Ice machines were one of the first breakthroughs in keeping fish fresh. As anyone who has seen The Perfect Storm knows, that fishing boats are out for weeks at a time, and the fish is iced down as soon as it is caught. This is important because seafood has a weak cellular structure which degrades quickly, leading to spoilage. Modern air travel means that seafood harvested near Japan can be served in New York the same day. One of the latest breakthroughs is cryofreezing. The fish, once caught, is quickly scaled, cleaned, and cut into portions. These are cryofrozen to zero degrees Fahrenheit in seconds and then vacuum packed. This makes the seafood easier to store and ship which results in lower cost, almost as good as fresh seafood for the consumers.

Not to be overlooked, seafood is a wonderful source of protein. As followers of either the Atkins' or the South Beach diets, two of the biggest diet fads right now, protein is suggested as the major source of nutrition. There are worries about the Atkins' diet and the long-term effects on the heart since adequate testing has not been done yet. This is not a worry when that protein comes from seafood.

So what exactly should we be eating and what will it do for us? Fatty fish, such as salmon and mackerel are perfect to raise the levels of HDLs. They have omega-3 fatty acids, which can also be purchased in tablet form, that have been clinically proven to do all kinds of good things. In a study in San Francisco, it was found that men who ate one pound of salmon a day for 20 days boosted their HDL levels by an average of ten percent. Herring, sardines, and tuna also contain these beneficial omega-3s and have been shown to depress triglyceride levels as well. Eating about seven ounces a day may cut triglycerides by as much as fifty percent.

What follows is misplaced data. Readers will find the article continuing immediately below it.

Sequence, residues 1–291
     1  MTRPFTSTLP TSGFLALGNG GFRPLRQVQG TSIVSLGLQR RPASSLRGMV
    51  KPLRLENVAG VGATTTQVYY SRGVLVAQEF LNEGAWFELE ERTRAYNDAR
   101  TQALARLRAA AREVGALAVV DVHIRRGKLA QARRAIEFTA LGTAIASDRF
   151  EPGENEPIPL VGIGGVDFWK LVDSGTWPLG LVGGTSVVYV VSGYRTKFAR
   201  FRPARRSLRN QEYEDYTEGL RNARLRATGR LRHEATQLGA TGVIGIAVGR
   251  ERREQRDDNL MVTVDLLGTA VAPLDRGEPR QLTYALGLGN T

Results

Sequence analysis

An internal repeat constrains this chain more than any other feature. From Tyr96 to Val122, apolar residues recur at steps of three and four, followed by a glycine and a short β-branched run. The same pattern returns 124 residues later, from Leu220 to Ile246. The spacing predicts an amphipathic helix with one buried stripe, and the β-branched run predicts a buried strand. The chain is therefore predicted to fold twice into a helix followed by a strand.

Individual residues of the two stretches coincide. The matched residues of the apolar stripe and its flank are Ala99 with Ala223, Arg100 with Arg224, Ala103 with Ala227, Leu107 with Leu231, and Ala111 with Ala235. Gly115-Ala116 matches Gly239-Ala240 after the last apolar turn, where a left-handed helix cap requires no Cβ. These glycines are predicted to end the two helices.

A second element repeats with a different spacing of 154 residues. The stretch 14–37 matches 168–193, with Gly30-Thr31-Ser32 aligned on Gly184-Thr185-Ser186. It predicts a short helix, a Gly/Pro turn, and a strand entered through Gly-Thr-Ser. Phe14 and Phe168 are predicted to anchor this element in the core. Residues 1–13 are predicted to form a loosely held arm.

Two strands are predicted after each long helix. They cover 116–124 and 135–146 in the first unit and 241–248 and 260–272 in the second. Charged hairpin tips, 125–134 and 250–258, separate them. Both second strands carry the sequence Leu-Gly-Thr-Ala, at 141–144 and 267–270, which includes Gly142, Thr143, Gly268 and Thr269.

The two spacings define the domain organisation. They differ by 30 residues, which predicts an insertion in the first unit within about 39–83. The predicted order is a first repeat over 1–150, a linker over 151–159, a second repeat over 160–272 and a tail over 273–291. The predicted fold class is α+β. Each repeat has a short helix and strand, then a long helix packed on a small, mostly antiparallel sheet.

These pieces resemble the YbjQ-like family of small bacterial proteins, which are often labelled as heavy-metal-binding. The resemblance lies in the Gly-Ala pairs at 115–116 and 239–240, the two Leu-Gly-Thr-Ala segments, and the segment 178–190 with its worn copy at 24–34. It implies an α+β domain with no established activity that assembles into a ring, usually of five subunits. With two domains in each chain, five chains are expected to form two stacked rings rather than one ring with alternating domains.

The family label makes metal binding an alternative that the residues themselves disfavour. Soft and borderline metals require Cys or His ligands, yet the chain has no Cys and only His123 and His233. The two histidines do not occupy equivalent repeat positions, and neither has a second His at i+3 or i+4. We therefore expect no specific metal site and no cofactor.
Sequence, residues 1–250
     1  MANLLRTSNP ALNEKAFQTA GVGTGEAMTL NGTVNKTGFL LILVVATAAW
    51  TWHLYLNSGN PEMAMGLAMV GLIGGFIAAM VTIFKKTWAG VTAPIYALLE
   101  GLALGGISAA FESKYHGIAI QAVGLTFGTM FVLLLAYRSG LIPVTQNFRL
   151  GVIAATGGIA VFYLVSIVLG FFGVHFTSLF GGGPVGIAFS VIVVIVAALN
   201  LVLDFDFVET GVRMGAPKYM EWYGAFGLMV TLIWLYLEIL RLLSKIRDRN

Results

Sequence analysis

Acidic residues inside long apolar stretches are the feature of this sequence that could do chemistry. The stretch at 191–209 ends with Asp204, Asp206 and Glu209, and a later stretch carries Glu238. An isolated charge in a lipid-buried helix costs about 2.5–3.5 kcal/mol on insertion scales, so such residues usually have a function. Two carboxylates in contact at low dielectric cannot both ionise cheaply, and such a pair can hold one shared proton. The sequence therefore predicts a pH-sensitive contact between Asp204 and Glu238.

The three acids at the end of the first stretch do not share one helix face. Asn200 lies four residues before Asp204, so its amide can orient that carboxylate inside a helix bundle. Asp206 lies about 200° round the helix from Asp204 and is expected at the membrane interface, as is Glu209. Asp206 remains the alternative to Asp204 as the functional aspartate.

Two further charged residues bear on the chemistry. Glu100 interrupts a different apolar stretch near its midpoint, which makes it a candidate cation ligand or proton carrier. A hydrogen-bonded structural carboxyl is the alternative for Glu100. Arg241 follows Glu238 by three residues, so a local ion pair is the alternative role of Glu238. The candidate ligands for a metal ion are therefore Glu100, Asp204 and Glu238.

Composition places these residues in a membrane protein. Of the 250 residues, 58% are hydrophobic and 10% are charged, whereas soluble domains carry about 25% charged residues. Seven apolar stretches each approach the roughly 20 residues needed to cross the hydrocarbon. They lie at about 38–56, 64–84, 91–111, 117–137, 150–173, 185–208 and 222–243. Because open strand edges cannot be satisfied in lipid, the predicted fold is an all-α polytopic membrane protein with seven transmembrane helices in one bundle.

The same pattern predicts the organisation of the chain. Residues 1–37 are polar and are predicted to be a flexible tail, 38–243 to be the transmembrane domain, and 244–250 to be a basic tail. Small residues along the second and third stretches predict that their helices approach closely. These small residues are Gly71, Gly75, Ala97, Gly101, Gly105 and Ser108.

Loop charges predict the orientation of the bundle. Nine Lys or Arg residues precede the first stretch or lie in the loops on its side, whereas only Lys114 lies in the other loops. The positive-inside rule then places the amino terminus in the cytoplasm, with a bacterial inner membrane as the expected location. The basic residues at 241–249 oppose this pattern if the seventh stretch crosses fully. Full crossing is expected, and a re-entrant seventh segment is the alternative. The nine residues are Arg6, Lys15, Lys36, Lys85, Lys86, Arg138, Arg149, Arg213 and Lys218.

This is in direct contrast to what studies have shown on the effects of meat fats and poultry skin which depress the HDLs while raising the LDLs and triglycerides. This is good to know, because all this trying to get the cholesterol levels down may be harmful. Once again, we see the need for balance. No one really knows why yet, but very low levels of cholesterol have been linked to colon cancer and brain hemorrhages. Low cholesterol is also linked with depression. Naturally, this raises the question of when low levels become unsafe. Right now, nobody is sure, but some have ventured to guess that levels lower than 150-160 in total cholesterol should raise warning signs.

It is often thought that shellfish are also a danger to cholesterol levels, but, thankfully, these thoughts are wrong as studies at the University of Washington have shown. Of the most common shellfish eaten in the United States (squid, oysters, crabs, clams, shrimp, and mussels), none raised cholesterol levels. Squid and shrimp simply have no effect on cholesterol levels, while crabs and clams lower the overall levels, targeting specifically on LDLs. Mussels and oysters have the same effect, with the added bonus of raising HDLs.

As we can see from a myriad of scientific and medical studies, seafood is not just good for you; it is also good at managing cholesterol levels. It has been shown that diet therapy is more beneficial than any other method for those with high cholesterol levels, so menus focusing on seafood should be seriously considered. This is especially true now that modern freezing and shipping techniques make quality seafood available throughout the year and across the world.